Justice was served!

Relatives of murdered St Thomas six welcome prison sentence for killer

BY TANESHA MUNDLE
Observer staff reporter
mundlet@jamaicaobserver.com

Friday, April 13, 2018



RELATIVES of the two women and four children who were brutally murdered in St Thomas 12 years ago are happy with the sentence given to their killer, Michael McLean, but say they wish he had been given more than 48 years in prison.

The 51-year-old businessman was given six life terms and sentenced to 60 years in prison before being eligible for parole. However, his sentence was reduced by 12 years for time served.

McLean was convicted of six counts of murder on March 6 by a unanimous verdict in relation to the death of his girlfriend, Terry-Ann Mohammed, her niece Patrice Martin-McCool and children Lloyd McCool, two; Jihad McCool, six; Sean Chin, eight; and Jesse O'Gilvie, nine, in St Thomas in February 2006.

The bodies of five of the victims, including Mohammed, were found in bushes with their throats slashed, with Mohammed's torso severely burnt.

The sixth victim, Jihad, was found a week later in a shallow grave in St Mary.

Following sentencing by Justice Bertram Morrison in the Home Circuit Court yesterday, the victims' relatives expressed joy and relief.

“I am happy for the number of years that he got. I think it could have been more, but I thank God that he got so many years and I hope he doesn't live to see those years to actually come out of prison,” said Martin-McCool's mother, Sharon Mohammed, who travelled from overseas with her sister Sandra to attend yesterday's hearing.

“The system was okay. Justice has been served. It took a while, but nothing done before the time and we are happy for the end result,” she added.

The mother, who today still grieves the loss of her only daughter and a grandchild she had never met, is upset with the killer.

“I ask God to forgive me because he has shattered my heart, but I ask God not to let him shatter my soul,” she said.

“It is not fair for somebody to snuff out the life of another and all those kids. What could the kids have done to him? Nothing!” she said.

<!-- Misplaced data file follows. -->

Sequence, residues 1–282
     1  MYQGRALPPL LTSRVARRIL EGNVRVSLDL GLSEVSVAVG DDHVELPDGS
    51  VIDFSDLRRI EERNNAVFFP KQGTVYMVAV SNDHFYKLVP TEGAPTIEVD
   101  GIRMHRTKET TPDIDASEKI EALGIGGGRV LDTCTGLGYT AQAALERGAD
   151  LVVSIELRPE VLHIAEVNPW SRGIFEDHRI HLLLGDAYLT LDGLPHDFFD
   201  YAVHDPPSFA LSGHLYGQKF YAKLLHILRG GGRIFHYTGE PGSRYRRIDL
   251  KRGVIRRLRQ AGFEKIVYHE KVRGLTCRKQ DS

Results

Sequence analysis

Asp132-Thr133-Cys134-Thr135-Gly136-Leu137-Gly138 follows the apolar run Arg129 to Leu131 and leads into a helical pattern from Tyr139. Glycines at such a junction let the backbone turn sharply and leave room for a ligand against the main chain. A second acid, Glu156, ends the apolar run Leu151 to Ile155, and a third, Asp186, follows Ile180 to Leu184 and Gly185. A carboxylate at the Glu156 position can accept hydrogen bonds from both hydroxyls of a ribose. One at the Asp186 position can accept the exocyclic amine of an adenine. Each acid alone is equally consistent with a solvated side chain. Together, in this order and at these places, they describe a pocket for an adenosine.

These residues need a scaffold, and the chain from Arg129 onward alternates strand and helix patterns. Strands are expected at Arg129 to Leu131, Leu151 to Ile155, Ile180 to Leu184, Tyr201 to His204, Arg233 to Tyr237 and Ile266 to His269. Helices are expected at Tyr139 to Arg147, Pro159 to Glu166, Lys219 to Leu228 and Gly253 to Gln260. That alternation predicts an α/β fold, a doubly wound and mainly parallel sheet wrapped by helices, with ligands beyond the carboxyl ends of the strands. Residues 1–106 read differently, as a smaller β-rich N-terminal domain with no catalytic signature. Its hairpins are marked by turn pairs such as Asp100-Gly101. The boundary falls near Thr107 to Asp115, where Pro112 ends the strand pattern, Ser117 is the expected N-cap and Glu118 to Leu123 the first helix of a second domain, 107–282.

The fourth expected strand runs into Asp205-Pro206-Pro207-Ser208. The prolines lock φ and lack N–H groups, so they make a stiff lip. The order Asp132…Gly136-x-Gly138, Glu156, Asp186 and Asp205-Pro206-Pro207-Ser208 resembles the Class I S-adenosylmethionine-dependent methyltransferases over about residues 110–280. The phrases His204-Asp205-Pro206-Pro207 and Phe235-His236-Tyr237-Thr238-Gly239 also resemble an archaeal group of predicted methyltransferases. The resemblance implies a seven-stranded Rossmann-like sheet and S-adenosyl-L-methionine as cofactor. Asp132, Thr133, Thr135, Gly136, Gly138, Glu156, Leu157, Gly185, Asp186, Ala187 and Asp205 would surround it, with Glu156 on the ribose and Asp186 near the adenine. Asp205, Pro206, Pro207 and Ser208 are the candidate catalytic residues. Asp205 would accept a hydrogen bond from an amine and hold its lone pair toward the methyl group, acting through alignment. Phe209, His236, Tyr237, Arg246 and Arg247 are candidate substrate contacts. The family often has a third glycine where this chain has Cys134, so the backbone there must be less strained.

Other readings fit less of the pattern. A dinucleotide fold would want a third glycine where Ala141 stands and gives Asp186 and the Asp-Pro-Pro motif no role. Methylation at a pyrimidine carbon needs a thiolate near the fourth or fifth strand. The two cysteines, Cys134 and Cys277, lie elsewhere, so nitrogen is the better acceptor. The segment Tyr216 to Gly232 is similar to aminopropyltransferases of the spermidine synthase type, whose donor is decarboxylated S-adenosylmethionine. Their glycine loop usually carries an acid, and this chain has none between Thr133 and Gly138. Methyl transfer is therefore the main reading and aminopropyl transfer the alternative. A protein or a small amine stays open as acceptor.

“What else could a kid do a big, strong man like that?” Sharon asked, noting that her anger over the incident has subsided.

“One of the things that make me angry is that he is not admitting that he killed them and he is bringing up a lot of nasty things about them being involved in drugs and guns when nothing is like that. However, now that he has been found guilty a lot of people will tell you what he used to do, and trust me, the things that I've heard since I came on Monday would have made God angry,” she said further.

Sandra, who described McLean as an evil monster, said she, too, was happy with the justice system. Together with her sister, she thanked the investigator, the judge and the prosecutors, as well as the witnesses, pointing out that they all did a good job.

“Justice was served today and I hope this will teach the others a lesson; [those] out there [who] think they can kill innocent women and children and get away in this time,” she said. “He deserves what he got and I am glad he won't be able to see the light of day again, even [though] it still can't bring them back, but at least we feel a little better even though we are still hurting.”

Earlier, during the sentencing, the tearful sisters read a victims' report that they had prepared, detailing the impact of McLean's gruesome act on their family.

“How can one express their emotions or feelings after experiencing the murder of their daughter, their grandchildren — all babies none past 10. Their sister that they grew up with for 43 years and her son — our nephew, also under 10. The hurt, the anger, the fear, the frustration — robbed of the enjoyment of our family,” Sharon read while a supportive Sandra stood beside her in the witness box.

“We still have trouble sleeping, eating, even working. Our social relationships have been so affected as it becomes so difficult to trust others; the slightest disagreement by a spouse or a family member, someone on the bus, or in the streets, resemble their killers,” she added.

She told the court that the years will never be able to erase the images of their loved ones from their minds, and that they still hear their family members' screams in their heads.

“The psychological effects of this crime are too numerous to mention, as it differs for each family member, but generally we are all suffering deep depression and anxiety. Patrice's brother has serious mental issues since that day he went and identified their mutilated bodies strewn in bushes, scattered like trash. It has affected his ability to work and provide for his family, emotionally and financially,” she said.

Sharon also told the court that her grandson, who was 12 at the time of the murders, is still scared and that he and his younger brother, who was four at the time, are still in need of therapy.

“As if the murder of our loved ones was not enough, we now have to deal with the lies told in court by their killer. When we read some of the negative comments made by a few persons about our family, who they did not know, it hurts us to the core,” she said.

Sharon also told the court that their grandfather never recovered from the tragedy, and died a broken man. She said, too, that the family was also affected financially as they'd had to pay for security and for someone to care for their grandfather after his caregiver, Terry-Ann, was killed.

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